Friday, March 12, 2010

'I know that face!'

“Eddie! Eddie!” my Mom would shout from the direction of the living room. “Eddie!”

From my bedroom, at the other end of what seemed a looong hallway at age eight or so, I’d rush to save my mother, who obviously had some emergency. There was a ninety-degree right turn into the living room, and somehow I’d make it without banging my skull against the plaster walls—a feat that, I’m told, I did far less skillfully as a toddler.

She’d be sitting comfortably on the couch; I’d be panting. Before I could croak out the word “What…,” my mother would be pointing at the TV screen. “Who’s this actress?”

I learned at a very early age that yes, indeed, it’s possible to be angry at someone you love for not needing emergency care.

These were the days, mind you, before IMDB and even those Leonard Maltin books. The TV Guide we’d have around featured the top names in a cast and even a couple more during the '60s. But as for those obscure character actors? We were on our own.

Over time, I stopped running so quickly—good thing there wasn’t a real emergency. But the damage was done. I began remembering these names and faces myself. I didn’t stop at movies and TV shows, though. All the world’s a stage! And though I surely don’t remember everyone’s face or name I encounter every day, just a tiny minority, I remember enough to get into trouble. Names of husbands. Wives. Old friends. Friends of wives’ old friends’ husbands. Okay, maybe not. But to my family, it must often seem so.

When spotting more than a few people who work locally, I’d remember everywhere I’d seen them in the past. It was one thing to remember such things. Maybe lots of people do. But I would have to open my big, flapping mouth. “You used to work in the bagel store, and before that….” It wasn’t always a good idea, I learned after mentioning to one blonde that I recalled she’d worked at the library. “You do…?” she replied with a single raised eyebrow. I beat a hasty retreat.

The day my in-laws moved to a condo development, I saw a man and approached him. “Hello, Joe, how are you?” Later, I told Elena and her parents that Joe had been one of the repairmen, something like a superintendent, at the projects where I grew up, and I liked to talk to him when he came to fix something. When had I last seen him? Oh, about 35 years before. He remembered my family, even me, and was touched that I remembered him so fondly.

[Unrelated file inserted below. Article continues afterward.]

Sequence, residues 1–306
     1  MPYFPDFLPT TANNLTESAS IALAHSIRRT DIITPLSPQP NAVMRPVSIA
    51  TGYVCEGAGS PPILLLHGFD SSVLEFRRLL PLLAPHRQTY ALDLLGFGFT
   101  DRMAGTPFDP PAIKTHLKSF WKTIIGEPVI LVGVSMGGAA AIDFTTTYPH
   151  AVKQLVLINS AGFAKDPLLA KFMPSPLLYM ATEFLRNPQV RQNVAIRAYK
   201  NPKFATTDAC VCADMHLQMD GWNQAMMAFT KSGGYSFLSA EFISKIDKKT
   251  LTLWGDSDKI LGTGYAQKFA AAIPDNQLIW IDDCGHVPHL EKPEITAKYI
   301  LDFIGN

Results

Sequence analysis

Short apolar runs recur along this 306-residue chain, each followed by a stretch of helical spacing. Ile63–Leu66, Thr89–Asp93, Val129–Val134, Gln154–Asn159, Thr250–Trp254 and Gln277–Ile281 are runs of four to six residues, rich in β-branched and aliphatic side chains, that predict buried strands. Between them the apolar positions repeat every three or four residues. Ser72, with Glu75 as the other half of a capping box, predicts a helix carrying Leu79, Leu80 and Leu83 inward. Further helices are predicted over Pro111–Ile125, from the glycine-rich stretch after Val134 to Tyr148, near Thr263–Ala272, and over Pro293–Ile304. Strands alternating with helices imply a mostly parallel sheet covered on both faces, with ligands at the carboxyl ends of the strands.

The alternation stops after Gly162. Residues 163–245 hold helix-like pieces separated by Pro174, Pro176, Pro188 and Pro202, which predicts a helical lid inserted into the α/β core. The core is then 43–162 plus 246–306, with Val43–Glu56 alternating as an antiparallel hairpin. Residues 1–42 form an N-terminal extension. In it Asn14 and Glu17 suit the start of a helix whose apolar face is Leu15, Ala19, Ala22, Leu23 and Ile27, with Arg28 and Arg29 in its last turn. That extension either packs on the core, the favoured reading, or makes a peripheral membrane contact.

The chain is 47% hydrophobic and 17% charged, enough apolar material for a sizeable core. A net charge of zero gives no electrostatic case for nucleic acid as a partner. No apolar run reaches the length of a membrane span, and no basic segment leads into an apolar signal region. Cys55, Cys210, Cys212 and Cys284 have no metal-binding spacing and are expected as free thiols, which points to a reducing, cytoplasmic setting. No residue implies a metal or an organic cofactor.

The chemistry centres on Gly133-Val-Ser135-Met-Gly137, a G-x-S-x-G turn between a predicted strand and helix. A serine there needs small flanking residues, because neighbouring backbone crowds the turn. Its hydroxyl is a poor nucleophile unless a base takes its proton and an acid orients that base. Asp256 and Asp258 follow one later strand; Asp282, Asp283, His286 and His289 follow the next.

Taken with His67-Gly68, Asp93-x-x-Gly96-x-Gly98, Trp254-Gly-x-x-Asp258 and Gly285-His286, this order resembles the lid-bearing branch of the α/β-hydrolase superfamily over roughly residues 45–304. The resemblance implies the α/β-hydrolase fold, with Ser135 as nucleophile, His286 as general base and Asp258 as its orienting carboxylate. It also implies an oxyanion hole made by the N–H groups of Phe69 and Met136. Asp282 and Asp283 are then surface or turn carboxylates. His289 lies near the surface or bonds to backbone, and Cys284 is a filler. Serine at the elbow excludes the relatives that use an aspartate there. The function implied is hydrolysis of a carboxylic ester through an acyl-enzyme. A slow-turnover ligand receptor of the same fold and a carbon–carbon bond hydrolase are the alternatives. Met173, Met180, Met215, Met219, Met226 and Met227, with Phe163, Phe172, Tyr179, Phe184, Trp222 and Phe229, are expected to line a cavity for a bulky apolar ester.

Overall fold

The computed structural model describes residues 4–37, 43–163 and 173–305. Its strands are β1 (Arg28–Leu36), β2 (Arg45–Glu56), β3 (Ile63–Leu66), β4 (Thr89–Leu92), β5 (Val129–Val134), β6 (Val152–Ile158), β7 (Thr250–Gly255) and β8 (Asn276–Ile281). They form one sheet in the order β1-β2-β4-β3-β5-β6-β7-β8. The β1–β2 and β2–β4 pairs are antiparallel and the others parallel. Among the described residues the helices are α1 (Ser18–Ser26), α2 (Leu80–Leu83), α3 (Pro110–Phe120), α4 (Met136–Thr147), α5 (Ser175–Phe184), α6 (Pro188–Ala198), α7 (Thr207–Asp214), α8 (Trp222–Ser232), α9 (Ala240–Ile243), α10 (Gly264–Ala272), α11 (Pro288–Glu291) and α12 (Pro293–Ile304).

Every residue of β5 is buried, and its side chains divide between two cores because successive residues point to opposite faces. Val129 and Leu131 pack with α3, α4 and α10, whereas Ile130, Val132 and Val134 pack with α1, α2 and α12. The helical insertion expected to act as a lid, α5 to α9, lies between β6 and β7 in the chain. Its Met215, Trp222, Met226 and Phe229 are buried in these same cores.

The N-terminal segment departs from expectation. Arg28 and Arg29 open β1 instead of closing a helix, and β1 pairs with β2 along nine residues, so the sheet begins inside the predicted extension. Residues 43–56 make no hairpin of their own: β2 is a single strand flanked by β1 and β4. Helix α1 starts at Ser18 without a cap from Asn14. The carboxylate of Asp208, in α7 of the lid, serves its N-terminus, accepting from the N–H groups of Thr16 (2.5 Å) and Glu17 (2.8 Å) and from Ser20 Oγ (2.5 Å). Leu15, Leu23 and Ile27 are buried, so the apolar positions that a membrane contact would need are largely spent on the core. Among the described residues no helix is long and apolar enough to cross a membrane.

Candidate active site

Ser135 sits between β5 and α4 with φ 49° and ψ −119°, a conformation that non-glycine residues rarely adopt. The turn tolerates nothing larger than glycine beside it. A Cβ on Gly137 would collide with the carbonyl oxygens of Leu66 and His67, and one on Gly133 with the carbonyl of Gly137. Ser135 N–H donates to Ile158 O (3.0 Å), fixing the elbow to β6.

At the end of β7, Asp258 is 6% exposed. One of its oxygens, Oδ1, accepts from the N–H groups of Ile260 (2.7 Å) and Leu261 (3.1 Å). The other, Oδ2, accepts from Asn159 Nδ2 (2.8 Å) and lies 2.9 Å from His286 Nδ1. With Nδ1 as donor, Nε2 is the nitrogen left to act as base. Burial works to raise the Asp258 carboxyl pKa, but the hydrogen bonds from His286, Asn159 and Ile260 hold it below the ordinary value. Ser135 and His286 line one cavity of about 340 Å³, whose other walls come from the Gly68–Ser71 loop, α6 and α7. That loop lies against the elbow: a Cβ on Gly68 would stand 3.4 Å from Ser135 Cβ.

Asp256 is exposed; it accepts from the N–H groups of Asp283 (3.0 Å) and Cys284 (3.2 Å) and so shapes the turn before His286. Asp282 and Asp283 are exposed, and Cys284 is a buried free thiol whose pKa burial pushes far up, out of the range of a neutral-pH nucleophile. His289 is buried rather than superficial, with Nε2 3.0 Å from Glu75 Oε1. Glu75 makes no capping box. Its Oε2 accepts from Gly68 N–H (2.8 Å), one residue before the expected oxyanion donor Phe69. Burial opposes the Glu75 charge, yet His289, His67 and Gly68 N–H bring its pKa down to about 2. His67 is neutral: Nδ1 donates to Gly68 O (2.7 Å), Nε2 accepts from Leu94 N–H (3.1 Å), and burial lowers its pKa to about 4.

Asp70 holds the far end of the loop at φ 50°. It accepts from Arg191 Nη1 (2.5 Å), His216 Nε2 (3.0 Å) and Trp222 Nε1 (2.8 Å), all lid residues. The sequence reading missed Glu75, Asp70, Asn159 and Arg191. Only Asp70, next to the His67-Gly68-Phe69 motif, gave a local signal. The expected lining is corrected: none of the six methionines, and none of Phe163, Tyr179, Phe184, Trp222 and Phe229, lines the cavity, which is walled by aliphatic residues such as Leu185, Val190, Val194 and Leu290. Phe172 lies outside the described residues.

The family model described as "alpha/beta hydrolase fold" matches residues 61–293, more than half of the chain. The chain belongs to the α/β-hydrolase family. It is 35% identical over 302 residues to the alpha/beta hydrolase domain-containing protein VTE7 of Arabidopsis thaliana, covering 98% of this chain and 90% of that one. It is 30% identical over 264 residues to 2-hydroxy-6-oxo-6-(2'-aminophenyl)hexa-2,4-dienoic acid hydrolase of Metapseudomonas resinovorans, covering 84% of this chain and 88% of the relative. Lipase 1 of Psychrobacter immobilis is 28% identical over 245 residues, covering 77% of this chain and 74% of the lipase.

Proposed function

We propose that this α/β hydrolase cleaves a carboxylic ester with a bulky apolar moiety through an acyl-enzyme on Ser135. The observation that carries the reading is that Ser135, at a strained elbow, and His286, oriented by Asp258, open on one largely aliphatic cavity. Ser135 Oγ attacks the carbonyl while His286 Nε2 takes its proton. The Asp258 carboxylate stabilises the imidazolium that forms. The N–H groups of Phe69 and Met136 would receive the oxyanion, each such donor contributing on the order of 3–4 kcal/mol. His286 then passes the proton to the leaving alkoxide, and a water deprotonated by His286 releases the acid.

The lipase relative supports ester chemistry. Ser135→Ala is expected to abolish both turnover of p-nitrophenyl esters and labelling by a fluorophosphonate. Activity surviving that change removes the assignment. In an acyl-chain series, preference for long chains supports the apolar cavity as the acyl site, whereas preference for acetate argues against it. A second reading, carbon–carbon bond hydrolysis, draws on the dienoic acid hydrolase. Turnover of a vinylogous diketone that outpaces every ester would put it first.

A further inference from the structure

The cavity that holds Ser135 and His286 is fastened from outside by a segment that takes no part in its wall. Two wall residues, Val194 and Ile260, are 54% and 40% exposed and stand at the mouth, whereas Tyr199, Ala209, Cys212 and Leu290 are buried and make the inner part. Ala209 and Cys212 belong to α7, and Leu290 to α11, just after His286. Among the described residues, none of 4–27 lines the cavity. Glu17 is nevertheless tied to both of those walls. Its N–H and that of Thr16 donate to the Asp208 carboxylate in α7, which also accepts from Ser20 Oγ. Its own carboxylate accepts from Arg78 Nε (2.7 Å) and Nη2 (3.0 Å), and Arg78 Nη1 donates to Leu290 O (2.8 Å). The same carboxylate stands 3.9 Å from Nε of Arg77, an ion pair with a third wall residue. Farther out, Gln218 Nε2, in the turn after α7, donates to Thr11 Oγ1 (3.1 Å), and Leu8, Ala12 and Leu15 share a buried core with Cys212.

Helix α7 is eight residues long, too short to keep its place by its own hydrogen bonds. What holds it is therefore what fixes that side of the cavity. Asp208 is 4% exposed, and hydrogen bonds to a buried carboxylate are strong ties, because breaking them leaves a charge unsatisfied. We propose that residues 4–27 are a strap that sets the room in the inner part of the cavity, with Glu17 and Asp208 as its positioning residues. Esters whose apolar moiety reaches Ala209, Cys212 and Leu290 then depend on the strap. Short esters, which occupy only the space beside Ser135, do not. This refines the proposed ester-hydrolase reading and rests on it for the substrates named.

But once at Bar Harbor, we went to a great improv comedy show that, for one skit, brought up a nervous tween named Scott from the audience. The next day, I recognized the boy and his family at a buffet restaurant. While filling a plate, I turned to the lad—yep, I wouldn’t want someone doing this to my kid, either—and exclaimed, “Hiya, Scott!”

The strangest incident, I recall, was at a party Elena and I once went to. I met a man named Harold and, right away, told him I used to see him every weekday morning on the 7:50 to Grand Central. He and I rode the same car, and Harold always sat with the same man and chatted. I described the companion. Harold quickly excused himself. Was it my breath?

I think I’ve learned to keep mum unless I’m sure that whatever I say will be taken as a compliment. What I don’t say then, I later tell Elena—like what dessert a woman whose name I wasn’t supposed to remember brought to a party fifteen years ago. Her frequent reply: “Good thing you didn’t say that!”

At home, I try to avoid frantically crying out to the kids to run over, only to ask them where else an actor or actress has appeared. It’s because they, like myself by about age 12, knew better. But I’ll still call poor Elena, who comes eventually. To find me sitting in front of the TV with the laptop, having double-checked online what I thought was true. How times change.

“Where have we seen this guy?”


  1. just glad you and elena recognized me that one afternoon years ago lol

  2. Me, too! But for that one we have to credit Elena, who's no slouch herself at recognizing faces.

  3. Great stuff... I kinda remember your mom doing just that. Although I must say if I was Harold, you would have freaked me out, too. Who was that stalker guy... I might think, or am I just being paranoid? Paranoid? Who thinks I'm paranoid! I want names!!

  4. I do that stuff too. (I realize I'm about 5 months late in posting here). My son David used to complain that in the middle of a show, or movie, I'd say, "he/she was in such and such movie... do you remember?" he's used to it now and does it too.